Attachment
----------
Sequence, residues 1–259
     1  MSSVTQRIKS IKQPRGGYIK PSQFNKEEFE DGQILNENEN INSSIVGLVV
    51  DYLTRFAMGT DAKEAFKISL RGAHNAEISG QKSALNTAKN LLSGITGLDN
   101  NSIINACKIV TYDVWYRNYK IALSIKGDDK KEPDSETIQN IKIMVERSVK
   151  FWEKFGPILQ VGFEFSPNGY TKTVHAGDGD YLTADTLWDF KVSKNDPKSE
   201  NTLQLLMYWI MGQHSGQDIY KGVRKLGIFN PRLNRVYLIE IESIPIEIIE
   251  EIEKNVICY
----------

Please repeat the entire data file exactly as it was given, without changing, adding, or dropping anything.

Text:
Sequence, residues 1–259
     1  MSSVTQRIKS IKQPRGGYIK PSQFNKEEFE DGQILNENEN INSSIVGLVV
    51  DYLTRFAMGT DAKEAFKISL RGAHNAEISG QKSALNTAKN LLSGITGLDN
   101  NSIINACKIV TYDVWYRNYK IALSIKGDDK KEPDSETIQN IKIMVERSVK
   151  FWEKFGPILQ VGFEFSPNGY TKTVHAGDGD YLTADTLWDF KVSKNDPKSE
   201  NTLQLLMYWI MGQHSGQDIY KGVRKLGIFN PRLNRVYLIE IESIPIEIIE
   251  EIEKNVICY